Byron and the Jews (Hardcover)

By Sheila a. Spector

Wayne State University Press, 9780814334423, 244pp.

Publication Date: July 15, 2010

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Despite their religious and geographic differences, the British poet Lord Byron shared certain attitudes about politics, institutionalized religion, and individual identity that made him very popular with Jewish readers. In Byron and the Jews, author Sheila A. Spector investigates why, of all the British Romantic poets, Byron is the most frequently translated into Hebrew and Yiddish and how Jews used translations of Byron's works to help construct a new Jewish identity.

Spector begins by examining Byron's interaction with contemporary Jewish writers Isaac D'Israeli and Isaac Nathan and investigates how the writers translated each other. The following three chapters demonstrate how the Byron translations interrelated with intellectual leaders of the three cultural movements that dominated Jewish culture in the nineteenth and twentieth centuries: the Maskilim, the Yiddishists, and the Zionists. Spector's conclusion explores the theoretical inference implicit in this study--that the act of translation inevitably produces an allegorical reading of a text that may be contrary to an author's original intention.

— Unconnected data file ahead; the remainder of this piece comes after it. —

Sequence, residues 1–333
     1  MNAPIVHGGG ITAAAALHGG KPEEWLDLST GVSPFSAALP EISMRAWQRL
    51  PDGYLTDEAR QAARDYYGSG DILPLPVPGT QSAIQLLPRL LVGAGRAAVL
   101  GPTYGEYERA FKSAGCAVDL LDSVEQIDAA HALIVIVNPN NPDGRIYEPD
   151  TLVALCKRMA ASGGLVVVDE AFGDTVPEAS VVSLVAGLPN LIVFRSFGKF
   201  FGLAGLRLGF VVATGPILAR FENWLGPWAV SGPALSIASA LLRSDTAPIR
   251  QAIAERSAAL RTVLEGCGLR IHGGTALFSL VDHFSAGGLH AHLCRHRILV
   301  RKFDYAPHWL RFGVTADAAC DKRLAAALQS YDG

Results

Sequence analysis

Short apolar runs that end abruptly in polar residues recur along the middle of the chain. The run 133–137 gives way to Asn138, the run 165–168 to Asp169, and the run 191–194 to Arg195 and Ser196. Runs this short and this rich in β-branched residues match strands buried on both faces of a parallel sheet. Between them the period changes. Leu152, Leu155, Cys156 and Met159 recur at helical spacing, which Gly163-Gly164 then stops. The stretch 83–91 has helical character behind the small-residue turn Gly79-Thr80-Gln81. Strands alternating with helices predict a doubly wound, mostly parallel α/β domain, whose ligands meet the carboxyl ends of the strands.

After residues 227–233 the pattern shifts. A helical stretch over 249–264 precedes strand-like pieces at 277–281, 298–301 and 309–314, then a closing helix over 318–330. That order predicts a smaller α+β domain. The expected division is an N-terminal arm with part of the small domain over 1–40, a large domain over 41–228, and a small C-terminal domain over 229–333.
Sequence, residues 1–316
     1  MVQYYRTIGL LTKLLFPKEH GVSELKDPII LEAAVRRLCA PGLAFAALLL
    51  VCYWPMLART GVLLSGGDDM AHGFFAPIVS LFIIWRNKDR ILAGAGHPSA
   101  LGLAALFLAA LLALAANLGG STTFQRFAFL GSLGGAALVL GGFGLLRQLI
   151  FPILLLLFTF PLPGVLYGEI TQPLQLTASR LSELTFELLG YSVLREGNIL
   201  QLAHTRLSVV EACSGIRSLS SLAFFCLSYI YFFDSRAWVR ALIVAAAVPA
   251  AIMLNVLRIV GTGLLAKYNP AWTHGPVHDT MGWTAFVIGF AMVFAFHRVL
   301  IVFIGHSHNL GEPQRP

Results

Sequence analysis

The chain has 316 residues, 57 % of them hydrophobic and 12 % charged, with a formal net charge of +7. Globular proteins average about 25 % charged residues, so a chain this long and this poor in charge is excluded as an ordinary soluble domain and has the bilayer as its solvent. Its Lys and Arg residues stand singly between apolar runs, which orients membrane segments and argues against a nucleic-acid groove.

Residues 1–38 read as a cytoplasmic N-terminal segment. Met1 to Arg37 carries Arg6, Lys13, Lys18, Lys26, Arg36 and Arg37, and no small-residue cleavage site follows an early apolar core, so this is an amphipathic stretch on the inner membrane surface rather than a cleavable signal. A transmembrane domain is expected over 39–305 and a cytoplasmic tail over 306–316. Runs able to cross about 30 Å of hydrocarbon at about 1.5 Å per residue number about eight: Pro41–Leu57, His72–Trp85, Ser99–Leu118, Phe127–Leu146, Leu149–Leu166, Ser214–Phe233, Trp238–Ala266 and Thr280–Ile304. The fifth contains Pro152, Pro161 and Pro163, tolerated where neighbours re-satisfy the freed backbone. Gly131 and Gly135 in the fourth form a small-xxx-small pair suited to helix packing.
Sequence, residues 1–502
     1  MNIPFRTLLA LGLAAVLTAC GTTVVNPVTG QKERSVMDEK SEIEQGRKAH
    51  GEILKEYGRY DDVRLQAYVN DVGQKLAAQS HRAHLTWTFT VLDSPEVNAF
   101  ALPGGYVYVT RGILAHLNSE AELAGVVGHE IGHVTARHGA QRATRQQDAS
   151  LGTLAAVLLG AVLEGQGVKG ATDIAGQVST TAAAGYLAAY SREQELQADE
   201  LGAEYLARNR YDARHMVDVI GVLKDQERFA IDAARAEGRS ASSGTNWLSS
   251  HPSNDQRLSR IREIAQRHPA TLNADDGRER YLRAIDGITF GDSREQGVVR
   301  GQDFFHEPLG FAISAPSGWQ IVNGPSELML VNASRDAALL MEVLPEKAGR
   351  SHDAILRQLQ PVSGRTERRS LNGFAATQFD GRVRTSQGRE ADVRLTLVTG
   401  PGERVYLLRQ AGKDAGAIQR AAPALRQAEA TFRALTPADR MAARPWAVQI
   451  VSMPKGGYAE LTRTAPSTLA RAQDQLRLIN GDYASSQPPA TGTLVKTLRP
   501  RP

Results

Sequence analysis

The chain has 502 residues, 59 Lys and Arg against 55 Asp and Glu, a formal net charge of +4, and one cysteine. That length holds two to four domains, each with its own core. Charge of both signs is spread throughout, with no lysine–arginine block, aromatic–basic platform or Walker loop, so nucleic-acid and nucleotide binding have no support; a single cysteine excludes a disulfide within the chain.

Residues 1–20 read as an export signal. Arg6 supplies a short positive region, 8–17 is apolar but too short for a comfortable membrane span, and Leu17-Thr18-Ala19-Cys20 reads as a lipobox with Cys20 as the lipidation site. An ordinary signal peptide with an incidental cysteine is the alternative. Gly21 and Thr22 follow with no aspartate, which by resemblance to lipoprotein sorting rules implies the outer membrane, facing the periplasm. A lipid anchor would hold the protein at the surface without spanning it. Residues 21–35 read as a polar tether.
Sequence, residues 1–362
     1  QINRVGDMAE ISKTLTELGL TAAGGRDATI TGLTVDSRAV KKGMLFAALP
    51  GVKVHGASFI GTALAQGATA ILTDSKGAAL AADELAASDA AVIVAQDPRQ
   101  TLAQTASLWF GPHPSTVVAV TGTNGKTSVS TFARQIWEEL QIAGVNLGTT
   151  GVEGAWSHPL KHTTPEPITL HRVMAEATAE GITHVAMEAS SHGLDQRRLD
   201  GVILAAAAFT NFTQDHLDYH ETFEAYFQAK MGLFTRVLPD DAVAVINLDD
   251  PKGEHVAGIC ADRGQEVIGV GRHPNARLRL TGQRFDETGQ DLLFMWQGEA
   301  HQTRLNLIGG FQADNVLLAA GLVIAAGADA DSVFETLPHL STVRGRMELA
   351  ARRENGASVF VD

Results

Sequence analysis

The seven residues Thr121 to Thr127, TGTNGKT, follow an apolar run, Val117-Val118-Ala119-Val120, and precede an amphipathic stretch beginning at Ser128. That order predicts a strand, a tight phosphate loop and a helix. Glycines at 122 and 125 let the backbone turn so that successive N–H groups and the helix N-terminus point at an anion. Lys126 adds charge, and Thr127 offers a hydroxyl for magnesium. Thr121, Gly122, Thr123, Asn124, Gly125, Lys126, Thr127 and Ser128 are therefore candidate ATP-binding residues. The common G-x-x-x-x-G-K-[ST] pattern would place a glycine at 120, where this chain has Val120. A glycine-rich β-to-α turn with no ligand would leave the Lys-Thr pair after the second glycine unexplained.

A useful appendix contains transcriptions of many of the texts discussed in this volume, as few of these Hebrew and Yiddish translations are readily available elsewhere. Not only are portions of all of the translations represented, but different versions are included so that readers can see for themselves how Byron was adapted for different Jewish interpretive communities. Scholars of Byron, Jewish identity, and those interested in translation and reception studies will appreciate this insightful volume.

About the Author

Sheila A. Spector is an independent scholar who has devoted her career to exploring the intersection between Romanticism and Judaica. In addition to a two-volume study of Blake and Kabbalism-"Glorious Incomprehensible": The Development of Blake's Kabbalistic Language and "Wonders Divine": The Development of Blake's Kabbalistic Myth-she has edited three collections of essays on Romanticism and the Jews: British Romanticism and the Jews: History, Culture, Literature; The Jews and British Romanticism: Politics, Religion, Culture; and Romanticism/Judaica: A Convergence of Cultures.